Larry Katzman: AIS has enjoyed terrific growth during the past five years, despite the great recession and budget pressures on the federal government. I really believe this is because we focus on a less risky and a less costly approach to application development; which is exactly what is sought out when resources are being closely watched. Our approach is to use platforms, software, and technology our clients already own and build new solutions using the investments they’ve already made. For example, we have been leveraging the public cloud providers, such as Microsoft’s Azure services and Amazon Web Services, for our clients to nearly eliminate up front capital investments for new projects. We then use building block platforms and products that are often already owned and deployed as the foundation for our solutions. At AIS, we invest a lot of our time and profits to train our people on emerging technologies before they hit the market. This allows us to be one of the few qualified, experienced firms that can safely use new technology to improve IT services with less risk and cost. Perhaps more importantly, we share project risks with our clients. We’ve gained a reputation for not failing because we have a “never fail” approach to projects. Because we specialize in Microsoft Technology, our reach back within AIS and into Microsoft allows us to crowd around problems and solve them quickly. We’d rather lose money on a project than instead of leaving a client unhappy with our work.
“Virtualization and cloud technology are ubiquitous now in the enterprise, as are mobile devices. These concepts and technologies are interesting, compelling, and valuable on their own, but the convergence of using virtualization and cloud services to improve productivity, security, and convenience for our users in an integrated solution still escapes most enterprise IT”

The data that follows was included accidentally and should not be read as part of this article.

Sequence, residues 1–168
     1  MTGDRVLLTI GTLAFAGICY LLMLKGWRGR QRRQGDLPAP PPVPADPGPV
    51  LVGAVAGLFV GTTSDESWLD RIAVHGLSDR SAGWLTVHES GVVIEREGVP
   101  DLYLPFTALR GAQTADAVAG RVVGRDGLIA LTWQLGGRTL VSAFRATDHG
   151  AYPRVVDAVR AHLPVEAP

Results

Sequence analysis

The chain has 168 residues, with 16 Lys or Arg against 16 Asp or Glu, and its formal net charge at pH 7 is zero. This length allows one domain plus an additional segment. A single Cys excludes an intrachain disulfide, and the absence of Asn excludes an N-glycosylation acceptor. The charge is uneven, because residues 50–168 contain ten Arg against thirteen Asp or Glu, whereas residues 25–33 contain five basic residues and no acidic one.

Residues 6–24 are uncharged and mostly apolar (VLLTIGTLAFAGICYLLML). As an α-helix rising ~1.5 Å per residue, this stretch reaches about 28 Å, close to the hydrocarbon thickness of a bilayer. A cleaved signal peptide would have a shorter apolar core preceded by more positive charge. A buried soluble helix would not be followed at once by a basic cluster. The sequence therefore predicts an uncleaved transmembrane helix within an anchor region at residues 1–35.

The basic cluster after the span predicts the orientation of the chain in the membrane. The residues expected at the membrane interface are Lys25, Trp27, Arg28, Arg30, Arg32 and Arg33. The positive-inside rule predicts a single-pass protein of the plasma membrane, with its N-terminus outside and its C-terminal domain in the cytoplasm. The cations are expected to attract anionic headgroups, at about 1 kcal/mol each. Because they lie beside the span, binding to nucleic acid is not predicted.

WashingtonExec: Having earned two IT degrees, what do you predict is the next big innovation to affect the IT world?
Larry Katzman: I wish my IT degrees helped me predict the next big innovation – the classroom really prepares us with background information of what is and what was, but rarely what will be. Valuable classroom time at all levels of education still seem wasted on lectures instead of discussions and workshops.
With respect to the next big innovation, my opinion is of course clouded by my day to day client environments. The tools we use for enterprise IT are improving at breakneck speed and as we shift from on premise products to cloud based services, the pace only seems to be increasing as vendors move towards more frequent releases. I really feel the one area that is lagging and will break through soon is the convergence of all these advancements. For example, there is a lot of talk about consumerization of IT and the need for corporate IT to embrace “bring your own device.” Virtualization and cloud technology are ubiquitous now in the enterprise, as are mobile devices. These concepts and technologies are interesting, compelling, and valuable on their own, but the convergence of using virtualization and cloud services to improve productivity, security, and convenience for our users in an integrated solution still escapes most enterprise IT.